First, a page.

The Ukrainian military announced on December 30 that it had repelled an overnight drone attack on the country, including on the capital Kyiv. While most of these drones are shot down using air defense systems, Ukraine is now developing drones that could shoot down incoming hostile drones.
The Ukrainian air force said on Telegram that 16 drones were launched from the southeastern and northern directions, and Ukraine’s air defense destroyed “all” them. However, it is worth noting that costly missiles are used to shoot down these cheap expendable drones, creating a significant price differential and exhausting Ukraine’s missile stockpiles.
In what could change the battlefield in Ukraine, the Minister of Digital Transformation Mykhailo Fedorov announced that the country was working on combat or strike drones.
Fedorov told Associated Press, “Now that we are more or less equipped with reconnaissance drones is strike drones. These exploding drones and drones fly up to three to 10 kilometers and hit targets.”
Ukraine has invested in small unmanned aerial vehicles like the Fly Eye for intelligence gathering, battlefield surveillance, and reconnaissance. According to the Ukrainian government, Ukraine has purchased 1,400 drones, mainly for reconnaissance. It aims to build military variants that can strike the explosive drones Russia has employed throughout its invasion of the nation.
The Ukrainian minister credited drones and satellite internet systems like Starlink with transforming the conflict. Elon Musk’s company SpaceX delivered the Starlink stations after Fedorov’s request early in the conflict. Currently, roughly 24,000 Starlink stations are already in operation in Ukraine, and 10,000 more could be expected.
It may be worth wondering whether the Starlink satellite network may guide the new combat drones. A few months into the conflict, media reports suggested that Kyiv used Starlink to conduct precision attacks on Russian tanks and positions.
He predicted “more missions with strike drones” in the future. “We are talking there about drones, UAVs, UAVs that we are developing in Ukraine. Well, anyway, it will be the next step in developing technologies. I can say already that the situation regarding drones will change drastically in February or March,” he said.
Military commentator Vijainder K Thakur (Retd) said in a tweet that the fighter drones would probably have basic electro-optical sensors to find enemy drones and perhaps a cannon or ammunition to destroy them. However, no specific details were divulged by the Ukrainian minister.
The announcement by the Ukrainian minister comes days after the Ukrainian defense company Ukroboronprom’s project manager, Oleh Boldyrev, said in an interview that new Ukrainian drones in the works would allow the country to strike deep behind enemy lines.
The Game Of Drones In The Ukraine War
Drones have become essential for surveillance and combat in the ongoing conflict. While the Turkish TB2 Bayraktar drones extensively deployed by Kyiv in the summer have essentially disappeared from the battlefield, Ukraine has refurbished and deployed several other drones to attack Russia.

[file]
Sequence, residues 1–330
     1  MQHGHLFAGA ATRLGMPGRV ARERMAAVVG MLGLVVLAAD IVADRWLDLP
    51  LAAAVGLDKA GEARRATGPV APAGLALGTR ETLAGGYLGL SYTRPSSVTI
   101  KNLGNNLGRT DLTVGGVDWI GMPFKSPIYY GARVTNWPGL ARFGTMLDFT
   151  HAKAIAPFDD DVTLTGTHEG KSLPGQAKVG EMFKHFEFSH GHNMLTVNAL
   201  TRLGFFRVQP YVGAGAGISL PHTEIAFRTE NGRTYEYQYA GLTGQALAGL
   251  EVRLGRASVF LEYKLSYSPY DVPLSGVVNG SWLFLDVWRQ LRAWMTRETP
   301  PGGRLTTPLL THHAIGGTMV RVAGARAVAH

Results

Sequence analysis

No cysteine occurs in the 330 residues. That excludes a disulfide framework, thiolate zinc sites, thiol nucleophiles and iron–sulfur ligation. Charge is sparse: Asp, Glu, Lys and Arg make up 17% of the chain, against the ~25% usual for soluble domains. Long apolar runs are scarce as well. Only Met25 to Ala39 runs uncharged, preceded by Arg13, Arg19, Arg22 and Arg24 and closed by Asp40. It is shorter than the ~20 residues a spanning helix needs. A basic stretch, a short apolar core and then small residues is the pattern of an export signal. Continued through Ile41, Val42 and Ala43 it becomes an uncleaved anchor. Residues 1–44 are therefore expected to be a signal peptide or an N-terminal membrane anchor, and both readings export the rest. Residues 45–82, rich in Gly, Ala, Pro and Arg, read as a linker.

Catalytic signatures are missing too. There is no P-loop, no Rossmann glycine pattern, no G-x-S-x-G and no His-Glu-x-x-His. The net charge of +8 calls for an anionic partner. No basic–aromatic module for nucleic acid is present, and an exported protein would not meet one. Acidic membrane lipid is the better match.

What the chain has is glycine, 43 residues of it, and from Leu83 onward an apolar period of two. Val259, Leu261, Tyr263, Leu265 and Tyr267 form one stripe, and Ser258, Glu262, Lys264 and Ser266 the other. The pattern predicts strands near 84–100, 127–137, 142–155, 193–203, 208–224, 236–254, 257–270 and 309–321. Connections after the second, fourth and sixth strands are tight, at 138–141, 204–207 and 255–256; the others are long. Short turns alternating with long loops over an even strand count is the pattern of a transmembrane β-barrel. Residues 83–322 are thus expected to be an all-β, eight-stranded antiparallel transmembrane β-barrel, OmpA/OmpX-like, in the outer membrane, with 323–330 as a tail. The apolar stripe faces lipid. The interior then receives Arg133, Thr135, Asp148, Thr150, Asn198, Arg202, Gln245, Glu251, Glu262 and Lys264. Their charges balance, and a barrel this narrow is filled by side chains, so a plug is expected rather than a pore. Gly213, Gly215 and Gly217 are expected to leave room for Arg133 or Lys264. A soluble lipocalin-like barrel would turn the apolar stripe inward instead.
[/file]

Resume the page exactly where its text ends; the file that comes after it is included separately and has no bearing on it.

For instance, in early December, Ukraine allegedly conducted a long-range drone strike on two Russian Air Force bases – Engels and Dyagilevo – deep inside the Russian territory. The drone used was speculated to be the Tu-141 Strinzh, a Soviet-era reconnaissance drone armed with explosives.
About 20 days later, Ukraine attempted another drone strike on the Engels Air Force Base. However, the unknown drone was reportedly shot down by Russia. Ukraine has not claimed any of these attacks, but officials have given cryptic statements that signal the country’s involvement.
In addition, Ukroboronprom said on October 17 that the Ukrainian government had developed a long-range strike capability weapon and was almost ready to be deployed by the military. As per the information, this weapon could have a range of 1000 kilometers and a weight of 75 kilograms.
On its part, Russia resumed sending swarms of Shahed-136 drones to Ukraine, which have been used extensively since October to take out Ukraine’s energy infrastructure targets.
To keep its power intact amid a harsh winter, the Ukrainian military has to shoot down as many Shahed UAVs as possible before it can approach the target. The Armed Forces of Ukraine (AFU) have claimed that they shot down nearly all the drones sent by Russia.
However, the question of whether Ukraine can call its counter-drone effort a success is raised by the significant cost difference between the kamikaze drones used by Russia and the surface-to-air missiles used by the Ukrainian troops to shoot them down.
An IRIS-T missile, for instance, costs roughly $430,000, which is 20 times more than the average Shahed drone, which costs about $20,000, as previously noted by EurAsian Times.
Military experts have long observed that Russia’s deployment of kamikaze drones is a ploy to exhaust Ukraine’s air defenses. However, employing an air-to-air combat drone can significantly alter this dynamic in Ukraine’s favor and allow the defending forces to protect their high-end infrastructure and military positions better.